Some might call the preference for Thinking or Feeling a preference for “head versus heart” in your decision making.

This preference relates to how you prioritize conflicting values.

Do you tend to feel more comfortable relying on logic and reason, or do you prioritize emotions, feelings, hunches (“gut feeling”), personal judgments, and how something makes you, someone else, or group as a whole feel?

If you are a T type, you are more driven by a desire to pursue a logical analysis of objective facts, considering all the known and provable factors related and important to a given situation and using reasoning to determine the best course of action.

A T type will tend to think about things in a detached and unemotional way. They are most comfortable reasoning through an issue logically, preferring decisions to be as objective as possible.

This means you will be inclined to be competitive with others, and will put achieving your own goals first.

An F type will be more interested or swayed by personal appeals. They will focus more on harmony between people.

They are better suited to roles that require empathy, relationship building, and interpersonal contact. Human resources (HR) and customer service are common roles for those who exhibit an F preference.

Conversations between T’s and F’s can often be particularly frustrating because their ways of thinking are so different.

As you might imagine, in trading, there is a very strong preference for Thinking over Feeling.

In trading, emotions are harmful. And decision-making based on hunches, feelings, half-baked assumptions, and opinions and ideas that have not been well stressed-tested is worse than useless.

Accordingly, successful traders typically have Thinking as their most dominant trait of the four Myers-Briggs dichotomies, and normally score very low on Feeling.

Trader dominant trait: Strong Thinking (T) preference


Perceiving (P) vs. Judging (J)

The Perceiving vs. Judging dimension of personality describes how you manage your life and preferences for structure and order.

Your preference for Perceiving vs. Judging broadly describes your orientation toward structure, scheduling, deadlines, and overall organization.

It also strongly relates to how you tend to manage your time and the approach you take to the work you have to do.

A Judger (sometimes called a “planner”) is someone who is more structured, planned, and orderly. They like to schedule things and dislike spontaneous changes. They tend to prefer structured environments and consider themselves reliable and responsible.

They have a plan and like to stick with it.

A Perceiver is more flexible and spontaneous. They are more likely to focus on what’s happening around them and adapt to it.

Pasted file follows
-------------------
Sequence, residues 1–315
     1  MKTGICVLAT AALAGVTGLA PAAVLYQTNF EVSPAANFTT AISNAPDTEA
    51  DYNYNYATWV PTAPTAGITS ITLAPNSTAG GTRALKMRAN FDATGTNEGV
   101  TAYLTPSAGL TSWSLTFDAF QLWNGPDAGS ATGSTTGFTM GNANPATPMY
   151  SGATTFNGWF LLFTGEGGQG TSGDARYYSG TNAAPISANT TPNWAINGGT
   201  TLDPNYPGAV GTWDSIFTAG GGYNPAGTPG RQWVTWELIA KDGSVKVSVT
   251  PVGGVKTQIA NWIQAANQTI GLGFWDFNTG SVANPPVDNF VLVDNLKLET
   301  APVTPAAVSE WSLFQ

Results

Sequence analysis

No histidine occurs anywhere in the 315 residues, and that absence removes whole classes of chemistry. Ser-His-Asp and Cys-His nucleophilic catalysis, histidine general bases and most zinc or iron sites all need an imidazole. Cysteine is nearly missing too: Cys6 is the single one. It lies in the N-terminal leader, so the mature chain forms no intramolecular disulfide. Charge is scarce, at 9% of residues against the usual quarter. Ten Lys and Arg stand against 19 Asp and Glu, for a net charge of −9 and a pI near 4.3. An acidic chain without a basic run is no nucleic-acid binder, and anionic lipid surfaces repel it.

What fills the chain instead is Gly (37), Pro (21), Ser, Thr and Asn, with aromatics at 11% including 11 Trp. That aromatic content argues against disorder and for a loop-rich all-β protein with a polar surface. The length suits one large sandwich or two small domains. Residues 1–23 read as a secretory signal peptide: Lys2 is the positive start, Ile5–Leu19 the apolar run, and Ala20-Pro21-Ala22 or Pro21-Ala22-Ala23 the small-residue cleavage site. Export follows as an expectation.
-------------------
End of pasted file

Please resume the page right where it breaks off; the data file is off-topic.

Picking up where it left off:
Perceivers see things externally and work their way internally. In other words, they see what’s happening and work backward to understand the causes and how to respond. They see possibilities that they compare and choose from.

Judgers see things internally and work their way externally. They first figure out what they want to achieve and then how things should appear and be built out in the external world.

Though there are often frustrating conflicts between Thinkers and Feelers, you will also see disagreement between Perceivers and Judgers as well.

Perceivers see new things and will be inclined to change direction in light of this.

Judgers don’t like this, as they will tend to weigh precedent more heavily. If something was done a certain way before, they will tend to believe that it should be done the same way that produced those results (or at least feel more comfortable doing it that way), believing it’s more reliable.

Moreover, Judgers may also discomfort Perceivers by being seemingly rigid and slow to adapt.

In trading, having either P or J dominance is not necessarily an advantage. J may be slightly more common among successful traders, but they tend to be fairly balanced.

Being a Judging type has its usefulness in trading in terms of having structure, having a plan, being well-disciplined, and being reliable.

However, being balanced with Perceiving is useful. Having flexibility and being willing to adapt to spontaneous changes is important. Being able to see new things and possibilities is valuable as well.

Trader dominant trait: Balance between Perceiving (P) and Judging (J)


NT dominance is common among successful traders

NT is about only 10 percent of the population. But NT dominance takes up a large part of those who are successful at trading.

N’s tend to see the big picture and anticipate events and possibilities before they happen.

T’s prefer to use rational objectivity and logical analysis in their decision-making criteria rather than feelings, emotions, gut feelings, personal judgments, and opinions that have not been well stress-tested.

Preference for Introversion over Extraversion or vice versa is not particularly important.

And generally, it is helpful for traders to be balanced with both Perceiving (adapting, seeing new approaches) and Judging (planning, structure, reliability) on the continuum.


Approximations and conceptual thinking in trading

Traders need to understand approximations and be good at them. Trading is a game of probabilities, expected values, and distributions of potential outcomes.

Many people struggle with uncertainty and the idea that they don’t know something and can’t know something with any precision. (For example, the price of a stock at any given point in the future.)

Traders have to embrace that the unknowns are going to be large relative to whatever they know and can be reasonably known.

Getting hung up on precision, viewing things narrowly, making premature judgments of certitude (rather than viewing the future as a distribution of outcomes with probabilities associated with them), and engaging in black-and-white thinking is typically not appropriate.

Traders must be good at conceptual thinking.